6. Abbotsford House – Community Support Services & Programs 613-230-5730 (M-F: 8:30-4:30) www.glebecentre.ca

For Old Ottawa South, this is our seniors (55+) support centre in the neighbourhood. As well as a full range of exercise classes and other activities, it can provide information and referrals to the appropriate support service. In addition, there are “Friendly Visitor” services to alleviate isolation and loneliness. The Telephone Assurance program (TAP) connects volunteer callers with seniors living alone to reassure, provide health monitoring or just have a friendly chat. Transportation to medical appointments can be arranged for a nominal fee. Home & yard maintenance and cleaning support can be arranged with vetted individuals at a cost of about $25 and up an hour. Otherwise, drop in and check it out for lunch or a coffee.

7. Long-Term Care 310-2222 (M to F: 8-8)

If you are feeling that your health is declining and you are no longer able to care for yourself, and doubt if you can continue to manage in your home, you may need to apply for long-term care. You or a relative or your doctor can phone this number to start this process. The nurse will ask you various questions about your situation before making an appointment for a care coordinator to visit you at home and make a full assessment. This service is provided free through your OHIP card. The care coordinator will help you through the next steps and help you access long-term care, if appropriate.

8. Mental Health 613-722-6914 (24/7)

If you are concerned that you or a relative is suffering from a mental illness, the Crisis Line is the place to call. For example if your relative has behaviour issues, seems to be developing dementia or has a substance abuse problem, phoning this number will connect you with a trained volunteer who can talk to you about your concerns and explain what you should do next. However, a referral from your family doctor is required to access psychiatric services, etc.

9. Health-Information 1-866-797-0000 (24/7)

This is a free confidential service provided by the Province of Ontario. If you are feeling ill and uncertain about what you should do next, the on-duty nurse (RN) can give you advice; s/he will ask you questions to assess whether you need to go to the ER immediately or whether another course of action is best. As I was lying on the kitchen floor, this nurse could have given me advice about ways to check out whether I’d actually broken my hip!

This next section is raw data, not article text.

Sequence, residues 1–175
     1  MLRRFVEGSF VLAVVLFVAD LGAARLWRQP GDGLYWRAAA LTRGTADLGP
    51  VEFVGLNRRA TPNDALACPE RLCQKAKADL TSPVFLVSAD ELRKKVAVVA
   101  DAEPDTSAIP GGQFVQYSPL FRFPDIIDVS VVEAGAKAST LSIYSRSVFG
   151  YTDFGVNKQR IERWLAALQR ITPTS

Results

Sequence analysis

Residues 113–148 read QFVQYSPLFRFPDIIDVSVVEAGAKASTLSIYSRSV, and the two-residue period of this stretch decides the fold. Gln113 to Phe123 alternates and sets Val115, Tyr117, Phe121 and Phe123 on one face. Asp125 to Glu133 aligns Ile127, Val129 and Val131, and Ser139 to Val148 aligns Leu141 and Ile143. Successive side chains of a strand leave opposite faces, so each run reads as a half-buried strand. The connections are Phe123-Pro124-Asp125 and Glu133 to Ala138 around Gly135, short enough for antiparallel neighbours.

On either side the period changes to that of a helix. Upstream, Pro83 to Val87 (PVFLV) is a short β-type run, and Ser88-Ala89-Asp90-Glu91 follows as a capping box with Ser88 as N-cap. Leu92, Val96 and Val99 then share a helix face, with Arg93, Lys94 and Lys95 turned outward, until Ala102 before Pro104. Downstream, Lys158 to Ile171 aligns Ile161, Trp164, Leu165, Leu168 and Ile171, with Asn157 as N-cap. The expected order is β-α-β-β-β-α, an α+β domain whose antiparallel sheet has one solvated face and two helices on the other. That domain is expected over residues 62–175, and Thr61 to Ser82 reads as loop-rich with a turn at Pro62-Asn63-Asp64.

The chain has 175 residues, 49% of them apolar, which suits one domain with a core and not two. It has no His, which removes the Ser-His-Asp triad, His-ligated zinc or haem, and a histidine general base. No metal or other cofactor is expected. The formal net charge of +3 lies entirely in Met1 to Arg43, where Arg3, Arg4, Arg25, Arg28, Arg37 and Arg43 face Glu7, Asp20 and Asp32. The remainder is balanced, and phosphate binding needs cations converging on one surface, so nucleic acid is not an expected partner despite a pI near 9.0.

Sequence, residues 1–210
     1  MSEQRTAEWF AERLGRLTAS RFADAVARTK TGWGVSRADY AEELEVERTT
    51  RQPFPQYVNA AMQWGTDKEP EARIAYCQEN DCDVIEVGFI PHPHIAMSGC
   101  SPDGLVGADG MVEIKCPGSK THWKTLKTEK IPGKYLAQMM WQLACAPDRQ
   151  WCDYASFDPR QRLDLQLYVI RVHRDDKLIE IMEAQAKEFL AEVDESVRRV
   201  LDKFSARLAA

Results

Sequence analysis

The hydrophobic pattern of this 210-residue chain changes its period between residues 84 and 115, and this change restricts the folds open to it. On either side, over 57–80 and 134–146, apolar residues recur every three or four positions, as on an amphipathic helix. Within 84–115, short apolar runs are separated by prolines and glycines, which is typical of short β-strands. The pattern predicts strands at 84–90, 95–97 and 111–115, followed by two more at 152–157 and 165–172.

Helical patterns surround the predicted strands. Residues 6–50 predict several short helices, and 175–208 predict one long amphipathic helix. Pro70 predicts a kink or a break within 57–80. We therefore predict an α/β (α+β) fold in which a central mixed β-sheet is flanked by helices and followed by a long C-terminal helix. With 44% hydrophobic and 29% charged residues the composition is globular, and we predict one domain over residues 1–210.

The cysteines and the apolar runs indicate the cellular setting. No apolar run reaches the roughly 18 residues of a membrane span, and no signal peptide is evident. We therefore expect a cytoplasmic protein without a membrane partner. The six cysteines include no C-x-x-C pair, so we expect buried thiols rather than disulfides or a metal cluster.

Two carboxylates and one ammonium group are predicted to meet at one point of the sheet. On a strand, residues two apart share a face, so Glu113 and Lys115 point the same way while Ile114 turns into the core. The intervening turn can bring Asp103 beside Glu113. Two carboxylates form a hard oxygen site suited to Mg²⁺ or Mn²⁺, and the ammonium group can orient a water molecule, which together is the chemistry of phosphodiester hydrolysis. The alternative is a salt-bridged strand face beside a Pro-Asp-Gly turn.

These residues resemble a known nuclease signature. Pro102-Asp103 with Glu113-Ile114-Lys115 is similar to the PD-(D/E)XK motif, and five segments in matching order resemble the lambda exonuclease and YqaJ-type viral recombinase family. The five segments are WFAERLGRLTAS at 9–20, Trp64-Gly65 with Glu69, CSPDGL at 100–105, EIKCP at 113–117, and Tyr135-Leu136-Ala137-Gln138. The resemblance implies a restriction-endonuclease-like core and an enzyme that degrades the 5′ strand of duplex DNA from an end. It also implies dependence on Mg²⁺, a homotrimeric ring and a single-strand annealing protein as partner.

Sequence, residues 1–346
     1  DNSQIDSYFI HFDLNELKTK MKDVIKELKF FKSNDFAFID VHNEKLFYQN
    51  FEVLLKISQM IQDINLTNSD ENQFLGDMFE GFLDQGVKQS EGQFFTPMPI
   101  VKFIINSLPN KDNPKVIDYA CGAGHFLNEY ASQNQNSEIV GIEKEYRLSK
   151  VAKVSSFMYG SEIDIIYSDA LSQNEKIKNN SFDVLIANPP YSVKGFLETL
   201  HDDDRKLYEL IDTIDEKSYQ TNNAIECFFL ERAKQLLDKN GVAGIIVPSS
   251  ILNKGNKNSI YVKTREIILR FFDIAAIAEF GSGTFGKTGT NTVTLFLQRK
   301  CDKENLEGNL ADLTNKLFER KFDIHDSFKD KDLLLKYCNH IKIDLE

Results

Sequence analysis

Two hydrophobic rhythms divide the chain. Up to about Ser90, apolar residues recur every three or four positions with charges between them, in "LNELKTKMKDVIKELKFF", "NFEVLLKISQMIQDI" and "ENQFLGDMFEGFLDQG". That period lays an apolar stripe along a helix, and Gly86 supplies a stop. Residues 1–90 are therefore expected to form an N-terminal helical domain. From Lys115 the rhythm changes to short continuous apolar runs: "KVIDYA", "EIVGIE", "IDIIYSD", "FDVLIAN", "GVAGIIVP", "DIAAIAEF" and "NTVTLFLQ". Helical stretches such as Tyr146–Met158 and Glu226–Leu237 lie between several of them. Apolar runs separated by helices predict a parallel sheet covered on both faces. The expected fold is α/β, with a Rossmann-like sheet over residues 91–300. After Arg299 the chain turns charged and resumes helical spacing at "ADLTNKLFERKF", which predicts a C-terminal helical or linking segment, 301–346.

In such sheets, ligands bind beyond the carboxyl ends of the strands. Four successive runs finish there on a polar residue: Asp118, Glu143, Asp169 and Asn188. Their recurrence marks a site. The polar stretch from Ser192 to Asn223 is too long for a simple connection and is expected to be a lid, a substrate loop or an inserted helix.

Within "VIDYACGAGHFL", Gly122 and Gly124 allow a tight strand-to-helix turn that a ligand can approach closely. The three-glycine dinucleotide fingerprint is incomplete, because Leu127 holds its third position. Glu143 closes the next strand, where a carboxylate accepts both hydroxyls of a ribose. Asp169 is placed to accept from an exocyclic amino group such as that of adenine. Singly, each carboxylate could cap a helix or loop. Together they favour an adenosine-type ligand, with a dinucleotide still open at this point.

10. Eldercare Emergency Respite 613-234-3383 (24/7)

In an emergency, elderly people who are suffering abuse can benefit from the Elder Abuse Response and Referral Service (EARRS) offered by a non-profit community group, the Nepean, Rideau, Osgoode Community Resource Centre (NROCRC). In this area, this service can be accessed through Visavie, a bilingual business dedicated to helping seniors and their families. It can offer 10 days of free accommodation to an abused person to allow them time to find a new safe place to live.

In less dire circumstances, such companies, operating like real estate agents doing the legwork, can select retirement residences which meet their clients’ specific needs. Their services are free to seniors: the residences pay the company once a placement is made. Rather than recommend a specific business, we suggest you consult the LHIN website where there is a list of companies and residences with suggested questions you may want to consider before deciding what your needs are, and what type of home to choose. Due diligence is necessary. www.healthcareathome.ca/champlain/en/Getting-Care 

Visiting some of these residences when you are still hale and hearty, or attending “Open Houses” will give you an idea what each residence may offer and cost. A local group of independent seniors in their mid- 80s takes an outing together occasionally to visit residences so that they can make their own wishes known and spare their children having to decide for them in an emergency. Be prepared for the unexpected.

Accidents have a way of happening at inconvenient times, with no consideration of busy lives. Most people don’t want to face the idea of having a serious fall, heart attack or stroke. Probably the best policy is to eat healthily, remain physically and mentally active, keep in touch with your relatives and neighbours, but know what to do if something drastic happens to you or a close friend or relative. Resources are there in the community for you to use when necessary, most of them paid for with your taxes. Keep these numbers near your phone and you’ll know whom to call.

Send comments, or suggestions about topics of interest to Old Ottawa South seniors to This email address is being protected from spambots. You need JavaScript enabled to view it..

SWOOS members Anna Cuylits & Catherine Read consult Karen Anne Blakely (on the left), Director of Abbotsford House.
Photo by Colin Beattie.
Last modified on Wednesday, 29 January 2020 20:05